Autumn is full on with cool weather, falling yellow leaves, a bit of rain and a bit of sunny days altogether and days getting shorter. And so I continue flirting with pumpkin and in this post, our relationship is all about being a nice and delicious pie with a friend a bit unusual to tag along in pies: phyllo!
So yes, I love phyllo and I want to use it in every possible way. In this recipe I use it instead of a traditional pie crust made with flour, butter, salt and water. In fact, the ingredients are the same in this pie as well, however because of phyllo sheets being so light and thin, the crust is not as dense and overpowering.
Since the crust is lighter than usual, you have a lot more room in your mouth to enjoy pumpkin filling. In fact, the filling is very much like a pumpkin flan. The only difference is that it has a little bit (just 2 tablespoons) of flour. Actually if you take away the flour and maybe add a few more eggs, you can come close to a pumpkin flan recipe. Hmm, a new recipe to think about!
This recipe originally belongs to celebrity Greek chef Aki Petretzikis. However, as always, I made my own twists here and there and changed some of the measurements, added a few things and also changed the way of doing it.
The recipe is not that hard, but I will mark it “medium” as difficulty level because it needs a bit of flexibility while stacking the phyllo layers on top of each other and then shaping them inside pie dish to turn them into the crust.
As before in my many other phyllo related recipes, I used the phyllo marked as “baklava” sheets that I bought from Turkish markets in Itäkeskus (Alanya and Kimene Oriental Markets). They are easier and more pleasant to handle than frozen phyllo sold in regular Finnish markets. So if you have possibility to get a hold of these, then do it. Otherwise, the frozen phyllo from other markets perfectly work too, you just need to thaw them correctly. Enjoy the pie!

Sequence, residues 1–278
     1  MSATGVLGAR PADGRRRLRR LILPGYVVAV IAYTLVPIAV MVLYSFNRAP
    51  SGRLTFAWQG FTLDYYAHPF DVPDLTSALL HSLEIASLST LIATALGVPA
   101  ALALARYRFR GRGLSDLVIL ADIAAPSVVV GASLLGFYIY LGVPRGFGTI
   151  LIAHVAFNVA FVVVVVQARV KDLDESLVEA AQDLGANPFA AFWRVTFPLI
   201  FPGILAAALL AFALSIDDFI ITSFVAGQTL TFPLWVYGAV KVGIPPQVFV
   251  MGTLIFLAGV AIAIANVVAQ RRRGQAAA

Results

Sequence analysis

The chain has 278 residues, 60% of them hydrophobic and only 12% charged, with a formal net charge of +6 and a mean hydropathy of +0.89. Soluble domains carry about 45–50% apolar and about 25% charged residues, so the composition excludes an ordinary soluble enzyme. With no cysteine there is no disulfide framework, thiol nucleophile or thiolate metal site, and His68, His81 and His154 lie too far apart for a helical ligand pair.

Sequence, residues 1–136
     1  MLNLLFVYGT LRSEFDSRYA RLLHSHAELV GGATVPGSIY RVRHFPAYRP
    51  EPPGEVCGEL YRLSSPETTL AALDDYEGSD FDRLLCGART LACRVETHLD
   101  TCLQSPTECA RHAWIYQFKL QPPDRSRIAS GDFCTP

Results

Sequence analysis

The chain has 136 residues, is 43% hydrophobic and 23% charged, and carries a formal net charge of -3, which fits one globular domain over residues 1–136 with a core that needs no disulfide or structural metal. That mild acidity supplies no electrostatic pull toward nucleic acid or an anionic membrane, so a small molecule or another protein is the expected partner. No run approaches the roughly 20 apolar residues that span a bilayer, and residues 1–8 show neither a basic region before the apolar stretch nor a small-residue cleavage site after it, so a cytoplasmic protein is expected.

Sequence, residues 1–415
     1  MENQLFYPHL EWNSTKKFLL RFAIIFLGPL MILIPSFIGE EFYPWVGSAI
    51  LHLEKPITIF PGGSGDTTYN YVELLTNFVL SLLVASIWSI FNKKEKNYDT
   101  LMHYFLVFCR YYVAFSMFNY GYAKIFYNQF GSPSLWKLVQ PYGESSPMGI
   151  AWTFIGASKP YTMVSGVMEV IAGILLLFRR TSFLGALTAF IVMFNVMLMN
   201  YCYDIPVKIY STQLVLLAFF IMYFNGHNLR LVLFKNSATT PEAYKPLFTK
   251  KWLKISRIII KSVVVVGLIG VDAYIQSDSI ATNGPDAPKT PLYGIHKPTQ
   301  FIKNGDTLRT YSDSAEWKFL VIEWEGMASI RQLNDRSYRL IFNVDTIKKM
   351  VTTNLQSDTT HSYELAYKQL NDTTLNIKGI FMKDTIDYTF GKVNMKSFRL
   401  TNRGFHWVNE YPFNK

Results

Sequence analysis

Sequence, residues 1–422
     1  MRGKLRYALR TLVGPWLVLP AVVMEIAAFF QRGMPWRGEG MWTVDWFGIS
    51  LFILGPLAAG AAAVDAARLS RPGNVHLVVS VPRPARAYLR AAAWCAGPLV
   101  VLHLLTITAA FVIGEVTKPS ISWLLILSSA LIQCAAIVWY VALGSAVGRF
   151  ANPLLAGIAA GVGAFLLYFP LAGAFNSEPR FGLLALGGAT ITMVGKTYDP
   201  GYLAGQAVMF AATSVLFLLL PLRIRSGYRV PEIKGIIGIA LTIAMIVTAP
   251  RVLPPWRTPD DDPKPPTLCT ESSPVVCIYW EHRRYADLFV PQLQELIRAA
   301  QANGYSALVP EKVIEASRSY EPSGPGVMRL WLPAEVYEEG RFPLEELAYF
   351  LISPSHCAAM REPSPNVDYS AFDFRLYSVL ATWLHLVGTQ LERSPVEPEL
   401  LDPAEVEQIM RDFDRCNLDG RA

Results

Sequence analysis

Difficulty: ★★☆ (Medium)
(serves 8-10, made in a 24cm pie dish)
6 phyllo sheets
50 gr. butter, melted and cooled just a bit
1 can (425 gr.) pumpkin puree*
1 can (400 gr.) condensed milk
2.5 dl (or 1 cup or 200 gr.) brown and soft sugar
2 tbsp all-purpose flour
1 heaped tsp ground cinnamon
1/2 tsp ground nutmeg
1/4 tsp ground cloves
butter to grease the dish
*You can find this in big K-markets. If you want to do it yourself, check this link: https://thecookful.com/prepare-your-own-pumpkin-for-pie/
1. Preheat the oven to 190C.
2. Butter the pie dish generously and set aside.
3. Take one phyllo sheet and brush the surface with melted butter. Put second phyllo sheet perpendicular to the first one and again brush it with butter.
4. Put the next two sheets diagonally to the first ones and each time, brush the surface with butter after positioning.
5. Put the final two sheets again diagonally but tilted a little to create a shape loosely resembling a circle shape altogether. Do not brush the final surface with butter.
6. Put the “glued” phyllo sheets gently on the pie dish and by pushing them gently inside, let them take the shape of the dish. There will be an excess part still outside dish, by compressing these excess parts into the edge of the dish, create a rustic pie crust shape. Put the dish aside.
7. In a mixing bowl, put pumpkin puree, condensed milk and sugar and beat in medium high speed until it is well mixed.
8. Add eggs and continue mixing. Scrape the sides and bottom if needed.
9. Add flour and spices and mix in medium high speed until it is a smooth mixture.
10. Pour the filling mixture into the prepared pie crust. If you have any melted butter left, brush the top of the crust’s sides a little with that butter so that it browns well. Put in the oven, in medium rack and bake for 50 to 60 minutes, until the filling is cooked on the edges but a bit jiggly in the middle. Let the pie cool down for 2 hours after baking before serving. Enjoy!